POACHING: The link between money laundering and organised wildlife crime
By David Hotte
In late February this year, eight individuals were charged in Tanzania with the horrific murder of Wayne Lotter, an anti-poaching investigator who was killed in August last year. The targeted execution of the renowned conservationist and founder of the PAMS Foundation exposed just how far poaching networks can go to protect their criminal trade – estimated to be the fourth most lucrative form of transnational crime globally. His murder also likely reflected the success of his organisation’s investigations and its partnership with the Tanzanian serious crimes investigation unit.
Over the past four years, the serious crimes investigative unit had arrested nearly 900 poachers and ivory traders in Tanzania, leading to more than 240 successful prosecutions and several long prison sentences. When the UK hosts the fourth illegal wildlife trade conference in October this year, other countries can learn from Tanzania’s political leadership, inter-agency cooperation and use of financial tools in tackling poaching and other forms of criminal wildlife trade.
While Africa may be the frontline in the fight against ivory poaching, what lies behind the images of slain elephants is a sophisticated, international network of criminals whose leaders all too often operate with impunity. Anti-money laundering deterrence measures and financial investigation techniques need to be prioritised in order to trace the money and topple the ivory kingpins that continue to threaten rare and precious wildlife.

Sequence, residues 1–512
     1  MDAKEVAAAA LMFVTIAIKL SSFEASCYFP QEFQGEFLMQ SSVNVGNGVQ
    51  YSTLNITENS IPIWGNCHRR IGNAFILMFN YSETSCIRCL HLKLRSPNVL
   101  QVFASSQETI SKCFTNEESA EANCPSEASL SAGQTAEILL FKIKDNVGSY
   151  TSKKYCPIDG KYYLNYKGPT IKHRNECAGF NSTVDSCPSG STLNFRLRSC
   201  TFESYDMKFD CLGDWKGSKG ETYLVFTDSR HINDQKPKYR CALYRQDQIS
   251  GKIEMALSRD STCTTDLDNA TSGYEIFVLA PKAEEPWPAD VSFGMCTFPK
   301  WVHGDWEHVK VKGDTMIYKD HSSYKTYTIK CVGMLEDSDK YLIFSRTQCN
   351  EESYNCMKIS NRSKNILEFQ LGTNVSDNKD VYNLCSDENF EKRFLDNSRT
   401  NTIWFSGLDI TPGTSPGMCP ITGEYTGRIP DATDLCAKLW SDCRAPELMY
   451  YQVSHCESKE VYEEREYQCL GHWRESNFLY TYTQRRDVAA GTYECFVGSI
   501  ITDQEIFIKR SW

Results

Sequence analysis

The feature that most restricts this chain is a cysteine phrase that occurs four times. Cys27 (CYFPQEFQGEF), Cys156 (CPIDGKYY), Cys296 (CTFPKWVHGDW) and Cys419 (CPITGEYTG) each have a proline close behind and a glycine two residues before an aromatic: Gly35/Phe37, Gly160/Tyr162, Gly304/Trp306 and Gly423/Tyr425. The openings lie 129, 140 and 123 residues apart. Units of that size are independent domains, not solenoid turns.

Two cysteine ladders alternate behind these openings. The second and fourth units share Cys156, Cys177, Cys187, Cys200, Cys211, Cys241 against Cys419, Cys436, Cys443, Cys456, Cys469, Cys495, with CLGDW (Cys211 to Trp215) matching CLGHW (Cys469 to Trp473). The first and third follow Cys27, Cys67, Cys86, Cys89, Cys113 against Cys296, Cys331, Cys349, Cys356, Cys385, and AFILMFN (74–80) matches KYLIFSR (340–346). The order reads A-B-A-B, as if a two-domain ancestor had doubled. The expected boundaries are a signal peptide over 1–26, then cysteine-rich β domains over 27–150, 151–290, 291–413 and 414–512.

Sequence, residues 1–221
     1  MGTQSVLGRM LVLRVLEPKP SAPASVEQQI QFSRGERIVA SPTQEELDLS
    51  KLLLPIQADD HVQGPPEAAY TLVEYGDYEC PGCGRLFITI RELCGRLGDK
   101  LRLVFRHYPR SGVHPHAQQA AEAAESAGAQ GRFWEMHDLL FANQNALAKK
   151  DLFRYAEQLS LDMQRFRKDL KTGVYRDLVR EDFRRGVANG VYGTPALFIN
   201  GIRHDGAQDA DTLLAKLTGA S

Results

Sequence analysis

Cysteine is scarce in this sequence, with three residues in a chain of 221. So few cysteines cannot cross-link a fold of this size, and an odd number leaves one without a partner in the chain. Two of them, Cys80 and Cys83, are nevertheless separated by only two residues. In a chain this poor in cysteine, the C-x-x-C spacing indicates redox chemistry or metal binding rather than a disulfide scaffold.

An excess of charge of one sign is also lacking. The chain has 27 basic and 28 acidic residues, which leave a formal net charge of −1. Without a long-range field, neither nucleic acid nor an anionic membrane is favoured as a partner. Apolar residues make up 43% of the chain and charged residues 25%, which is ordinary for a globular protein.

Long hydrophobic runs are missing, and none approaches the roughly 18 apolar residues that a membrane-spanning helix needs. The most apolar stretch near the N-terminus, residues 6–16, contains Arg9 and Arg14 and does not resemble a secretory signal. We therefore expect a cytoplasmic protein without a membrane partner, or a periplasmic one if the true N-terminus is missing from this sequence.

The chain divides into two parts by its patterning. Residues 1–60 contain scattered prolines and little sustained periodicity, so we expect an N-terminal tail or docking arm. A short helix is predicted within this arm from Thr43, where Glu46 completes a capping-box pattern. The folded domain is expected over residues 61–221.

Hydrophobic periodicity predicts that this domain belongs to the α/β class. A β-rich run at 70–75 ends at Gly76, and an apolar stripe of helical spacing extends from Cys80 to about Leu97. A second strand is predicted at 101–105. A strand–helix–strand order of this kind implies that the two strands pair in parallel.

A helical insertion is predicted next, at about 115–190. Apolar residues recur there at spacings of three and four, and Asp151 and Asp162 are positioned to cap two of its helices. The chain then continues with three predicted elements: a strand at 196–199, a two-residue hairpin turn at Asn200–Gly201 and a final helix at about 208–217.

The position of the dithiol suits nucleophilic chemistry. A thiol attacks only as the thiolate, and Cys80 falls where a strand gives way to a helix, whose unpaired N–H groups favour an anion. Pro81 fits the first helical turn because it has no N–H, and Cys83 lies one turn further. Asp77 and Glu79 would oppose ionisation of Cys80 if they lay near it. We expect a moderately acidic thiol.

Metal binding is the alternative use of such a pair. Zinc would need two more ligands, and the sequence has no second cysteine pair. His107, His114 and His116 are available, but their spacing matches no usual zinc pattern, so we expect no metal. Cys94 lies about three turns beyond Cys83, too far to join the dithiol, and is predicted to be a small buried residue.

The tools needed to do that are similar to tackling other forms of organised crime, be it drugs, human trafficking or other mafia-style enterprises. Tracing the money helps identify accomplices of those who are caught red-handed, together with their ringleaders. It can identify laundered assets and property, track the movement of individuals, link suspects to criminality and play a critical role in successful convictions.
While Africa may be the frontline in the fight against ivory poaching, what lies behind the images of slain elephants is a sophisticated, international network of criminals whose leaders all too often operate with impunity.
The trade in illegal wildlife products is driven by profit; some estimates put the price of rhino horn by weight to be higher than cocaine or gold. Demand in consumer markets, particularly in China, needs to be addressed but simultaneously we must fundamentally change the cost-benefit equation for criminal leaders and drive them out of business.
As well as raising the cost of killing and shipping ivory, for instance, authorities can increase the risks of depositing, moving, storing and spending the resulting criminal profits. The scale of the trade in illegal wildlife is such that criminals rely on formal financial systems to launder their money – through banks, money exchanges or mobile-based transfers. This makes them vulnerable to deterrence, regulation and detection.
There are three strategies the governments and law enforcement agencies can employ to deter would-be poachers who want to launder their money. These are the foundations of our European Union-funded programme to help ten East African countries to prevent money laundering and terrorist funding.
First, we must better understand the specific methods and channels used by poachers and launderers and tighten up loopholes. That may mean financial investigators working closely with emerging mobile money transfer systems, which are known to facilitate cash flow at the lower end of the poaching trade. Some of this is about day-to-day work spotting suspicious money transfers and verifying customer identities.